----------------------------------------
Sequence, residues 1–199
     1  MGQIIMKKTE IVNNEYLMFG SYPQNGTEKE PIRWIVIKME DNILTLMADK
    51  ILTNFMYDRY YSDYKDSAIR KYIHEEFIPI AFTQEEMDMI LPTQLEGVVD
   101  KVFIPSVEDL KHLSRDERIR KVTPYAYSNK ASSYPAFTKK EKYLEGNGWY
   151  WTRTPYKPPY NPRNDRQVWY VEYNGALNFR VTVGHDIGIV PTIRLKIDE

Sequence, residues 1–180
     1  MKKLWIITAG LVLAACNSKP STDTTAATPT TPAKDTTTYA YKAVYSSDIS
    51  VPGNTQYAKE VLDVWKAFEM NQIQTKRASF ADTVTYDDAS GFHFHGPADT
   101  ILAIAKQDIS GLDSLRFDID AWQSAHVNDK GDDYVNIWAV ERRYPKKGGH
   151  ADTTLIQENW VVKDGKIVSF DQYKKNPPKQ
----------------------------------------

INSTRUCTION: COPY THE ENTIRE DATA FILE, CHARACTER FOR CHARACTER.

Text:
Sequence, residues 1–199
     1  MGQIIMKKTE IVNNEYLMFG SYPQNGTEKE PIRWIVIKME DNILTLMADK
    51  ILTNFMYDRY YSDYKDSAIR KYIHEEFIPI AFTQEEMDMI LPTQLEGVVD
   101  KVFIPSVEDL KHLSRDERIR KVTPYAYSNK ASSYPAFTKK EKYLEGNGWY
   151  WTRTPYKPPY NPRNDRQVWY VEYNGALNFR VTVGHDIGIV PTIRLKIDE

Sequence, residues 1–180
     1  MKKLWIITAG LVLAACNSKP STDTTAATPT TPAKDTTTYA YKAVYSSDIS
    51  VPGNTQYAKE VLDVWKAFEM NQIQTKRASF ADTVTYDDAS GFHFHGPADT
   101  ILAIAKQDIS GLDSLRFDID AWQSAHVNDK GDDYVNIWAV ERRYPKKGGH
   151  ADTTLIQENW VVKDGKIVSF DQYKKNPPKQ